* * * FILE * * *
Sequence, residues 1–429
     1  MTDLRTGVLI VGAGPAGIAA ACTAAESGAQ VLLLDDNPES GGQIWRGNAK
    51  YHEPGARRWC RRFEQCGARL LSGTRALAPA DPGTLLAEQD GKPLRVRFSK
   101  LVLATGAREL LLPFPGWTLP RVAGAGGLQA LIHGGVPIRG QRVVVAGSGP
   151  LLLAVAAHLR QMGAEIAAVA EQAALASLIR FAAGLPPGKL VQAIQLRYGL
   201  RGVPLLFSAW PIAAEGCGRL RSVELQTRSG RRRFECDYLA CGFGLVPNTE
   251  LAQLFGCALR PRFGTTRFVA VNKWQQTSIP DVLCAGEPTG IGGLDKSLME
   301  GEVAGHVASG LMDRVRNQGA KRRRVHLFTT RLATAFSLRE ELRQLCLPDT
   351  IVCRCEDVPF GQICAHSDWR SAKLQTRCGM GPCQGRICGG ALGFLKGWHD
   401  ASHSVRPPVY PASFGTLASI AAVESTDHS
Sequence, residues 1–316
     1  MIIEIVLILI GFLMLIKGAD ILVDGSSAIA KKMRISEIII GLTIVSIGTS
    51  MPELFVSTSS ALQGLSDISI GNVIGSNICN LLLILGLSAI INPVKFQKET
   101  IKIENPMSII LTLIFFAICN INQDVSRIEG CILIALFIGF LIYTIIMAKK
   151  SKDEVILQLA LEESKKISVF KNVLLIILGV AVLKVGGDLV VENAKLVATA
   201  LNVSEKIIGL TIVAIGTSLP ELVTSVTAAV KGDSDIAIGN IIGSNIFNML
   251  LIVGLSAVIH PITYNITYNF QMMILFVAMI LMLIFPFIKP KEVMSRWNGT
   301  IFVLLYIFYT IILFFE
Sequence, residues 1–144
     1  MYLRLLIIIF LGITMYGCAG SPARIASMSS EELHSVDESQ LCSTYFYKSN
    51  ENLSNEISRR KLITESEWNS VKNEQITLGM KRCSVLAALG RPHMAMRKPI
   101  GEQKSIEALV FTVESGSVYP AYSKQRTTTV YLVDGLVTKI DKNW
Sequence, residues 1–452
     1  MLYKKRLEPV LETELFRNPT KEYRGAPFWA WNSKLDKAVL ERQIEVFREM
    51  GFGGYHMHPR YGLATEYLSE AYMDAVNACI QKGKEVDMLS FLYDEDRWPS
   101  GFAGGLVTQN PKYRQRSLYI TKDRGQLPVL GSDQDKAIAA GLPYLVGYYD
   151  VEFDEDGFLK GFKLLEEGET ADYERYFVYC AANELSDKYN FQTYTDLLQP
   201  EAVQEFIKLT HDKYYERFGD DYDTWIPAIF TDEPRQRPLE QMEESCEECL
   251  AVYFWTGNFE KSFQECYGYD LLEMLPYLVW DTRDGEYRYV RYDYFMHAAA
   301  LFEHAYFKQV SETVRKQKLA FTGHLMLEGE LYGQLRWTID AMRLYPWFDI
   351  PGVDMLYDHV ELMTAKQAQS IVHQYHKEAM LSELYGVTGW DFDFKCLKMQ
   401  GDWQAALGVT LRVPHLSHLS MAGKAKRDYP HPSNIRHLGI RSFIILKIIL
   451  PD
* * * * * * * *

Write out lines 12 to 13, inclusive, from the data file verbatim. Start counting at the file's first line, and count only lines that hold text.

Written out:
     1  MIIEIVLILI GFLMLIKGAD ILVDGSSAIA KKMRISEIII GLTIVSIGTS
    51  MPELFVSTSS ALQGLSDISI GNVIGSNICN LLLILGLSAI INPVKFQKET